From the 6th February 2020, the Statutory Legacy is increasing from £250,000 to £270,000.

By Stephanie Greaves

If you die without making a valid Will, the Intestacy Rules state who benefits and in what order. The Statutory Legacy is the fixed sum a spouse will receive if their spouse dies and they have children (the rules are different if the deceased had no children).

Contrary to popular belief a spouse does not automatically inherit the whole of his or her deceased spouse’s Estate. You can avoid any uncertainty in the event of your death by making a Will and ensure that your property and affairs can be dealt with more easily and without added doubt and anxiety for your family at a difficult time in the event of your death by making a Will.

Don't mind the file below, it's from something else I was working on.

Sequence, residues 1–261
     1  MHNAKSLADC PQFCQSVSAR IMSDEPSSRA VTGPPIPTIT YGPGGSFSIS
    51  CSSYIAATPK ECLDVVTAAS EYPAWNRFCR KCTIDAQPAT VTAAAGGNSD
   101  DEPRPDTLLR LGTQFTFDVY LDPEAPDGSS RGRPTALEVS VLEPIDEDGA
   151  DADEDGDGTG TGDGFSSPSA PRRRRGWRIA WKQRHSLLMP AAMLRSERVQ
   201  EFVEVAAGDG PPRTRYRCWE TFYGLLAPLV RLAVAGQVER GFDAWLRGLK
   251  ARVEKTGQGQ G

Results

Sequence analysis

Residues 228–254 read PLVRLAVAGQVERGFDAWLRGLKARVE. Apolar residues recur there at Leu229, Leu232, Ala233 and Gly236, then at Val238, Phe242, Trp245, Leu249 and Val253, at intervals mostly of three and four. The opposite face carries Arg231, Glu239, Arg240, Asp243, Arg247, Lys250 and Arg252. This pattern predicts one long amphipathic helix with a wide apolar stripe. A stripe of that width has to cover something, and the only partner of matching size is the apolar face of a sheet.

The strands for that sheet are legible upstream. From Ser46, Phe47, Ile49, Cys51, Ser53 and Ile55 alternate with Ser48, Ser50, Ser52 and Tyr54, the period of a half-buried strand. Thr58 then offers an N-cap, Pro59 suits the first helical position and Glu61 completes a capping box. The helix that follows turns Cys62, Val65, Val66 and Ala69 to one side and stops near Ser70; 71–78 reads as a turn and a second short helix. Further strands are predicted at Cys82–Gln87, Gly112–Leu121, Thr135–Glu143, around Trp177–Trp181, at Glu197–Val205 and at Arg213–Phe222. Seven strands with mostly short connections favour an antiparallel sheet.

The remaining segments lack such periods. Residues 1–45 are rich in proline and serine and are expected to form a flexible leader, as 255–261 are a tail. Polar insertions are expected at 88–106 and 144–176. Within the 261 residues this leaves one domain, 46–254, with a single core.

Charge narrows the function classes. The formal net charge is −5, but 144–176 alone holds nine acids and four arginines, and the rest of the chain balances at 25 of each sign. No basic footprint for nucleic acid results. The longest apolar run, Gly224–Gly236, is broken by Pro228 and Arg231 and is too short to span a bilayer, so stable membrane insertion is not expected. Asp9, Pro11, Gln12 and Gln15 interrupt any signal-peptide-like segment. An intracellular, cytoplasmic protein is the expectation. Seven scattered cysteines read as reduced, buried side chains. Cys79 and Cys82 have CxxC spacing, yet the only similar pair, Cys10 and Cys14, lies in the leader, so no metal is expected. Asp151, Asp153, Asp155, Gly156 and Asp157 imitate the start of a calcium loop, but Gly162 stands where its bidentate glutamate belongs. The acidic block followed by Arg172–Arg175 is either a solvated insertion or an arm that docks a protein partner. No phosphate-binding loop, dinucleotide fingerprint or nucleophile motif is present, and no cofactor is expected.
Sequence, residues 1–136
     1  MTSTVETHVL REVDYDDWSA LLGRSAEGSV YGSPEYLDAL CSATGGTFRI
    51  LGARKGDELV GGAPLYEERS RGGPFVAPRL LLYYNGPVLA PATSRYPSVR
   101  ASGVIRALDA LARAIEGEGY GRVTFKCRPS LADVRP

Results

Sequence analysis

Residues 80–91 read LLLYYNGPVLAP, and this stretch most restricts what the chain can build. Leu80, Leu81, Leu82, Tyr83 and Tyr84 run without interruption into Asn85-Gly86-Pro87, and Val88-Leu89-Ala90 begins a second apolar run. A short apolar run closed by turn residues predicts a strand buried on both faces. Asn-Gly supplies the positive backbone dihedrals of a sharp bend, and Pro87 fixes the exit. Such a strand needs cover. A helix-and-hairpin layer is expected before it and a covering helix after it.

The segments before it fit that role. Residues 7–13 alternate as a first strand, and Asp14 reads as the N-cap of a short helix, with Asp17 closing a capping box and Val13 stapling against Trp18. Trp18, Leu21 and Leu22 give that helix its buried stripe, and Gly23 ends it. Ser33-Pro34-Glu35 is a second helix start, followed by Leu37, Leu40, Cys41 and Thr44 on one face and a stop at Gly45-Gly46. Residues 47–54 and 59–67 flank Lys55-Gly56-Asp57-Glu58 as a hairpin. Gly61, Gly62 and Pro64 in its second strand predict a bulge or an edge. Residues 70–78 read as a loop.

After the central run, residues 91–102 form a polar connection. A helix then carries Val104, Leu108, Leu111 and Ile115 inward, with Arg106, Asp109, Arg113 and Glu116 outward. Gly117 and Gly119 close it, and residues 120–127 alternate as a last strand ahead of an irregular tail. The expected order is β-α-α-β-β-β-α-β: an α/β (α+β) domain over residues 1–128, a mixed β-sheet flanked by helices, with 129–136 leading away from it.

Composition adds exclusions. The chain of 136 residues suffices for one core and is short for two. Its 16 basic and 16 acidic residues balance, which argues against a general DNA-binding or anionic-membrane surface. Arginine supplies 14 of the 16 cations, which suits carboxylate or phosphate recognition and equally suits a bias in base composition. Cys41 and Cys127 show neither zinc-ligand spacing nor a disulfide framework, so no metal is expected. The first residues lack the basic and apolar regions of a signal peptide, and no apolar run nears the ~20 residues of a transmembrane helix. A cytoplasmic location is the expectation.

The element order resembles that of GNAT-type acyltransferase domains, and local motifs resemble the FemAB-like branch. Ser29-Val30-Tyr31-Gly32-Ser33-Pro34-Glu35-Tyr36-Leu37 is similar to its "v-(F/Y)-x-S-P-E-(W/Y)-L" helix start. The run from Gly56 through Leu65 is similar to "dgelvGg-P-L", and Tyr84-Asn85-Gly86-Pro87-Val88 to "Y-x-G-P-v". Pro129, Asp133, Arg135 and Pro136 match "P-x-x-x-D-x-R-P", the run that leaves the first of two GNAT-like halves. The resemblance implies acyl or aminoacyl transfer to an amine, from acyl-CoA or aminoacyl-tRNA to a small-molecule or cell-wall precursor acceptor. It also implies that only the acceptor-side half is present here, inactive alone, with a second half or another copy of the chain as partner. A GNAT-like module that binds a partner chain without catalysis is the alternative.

Why make a Will?

  • You can decide who deals with your affairs by appointing Executors. You may wish to read our separate Article on “Who are Executors and what do they do?”
  • You can decide who inherits your Estate and how it is divided.If you do not make a Will there are certain rules which dictate how your assets will be divided.This may not be the way that you would like.
  • If you are not married or in a Civil Partnership, you can make sure your partner is provided for.If you do not make a Will your partner may receive nothing from your Estate.
  • You can appoint Guardians for any minor children.
  • You can decide at what age you would like your children (and/or any other beneficiary) to inherit from your Will.
  • If you make a Will, you may be able to save Inheritance Tax or arrange your affairs so that you can minimise the effect of such tax
  • You can plan ahead taking into account the future costs of care home fees. Talk to us today about preparing your Will.
5th February, 2020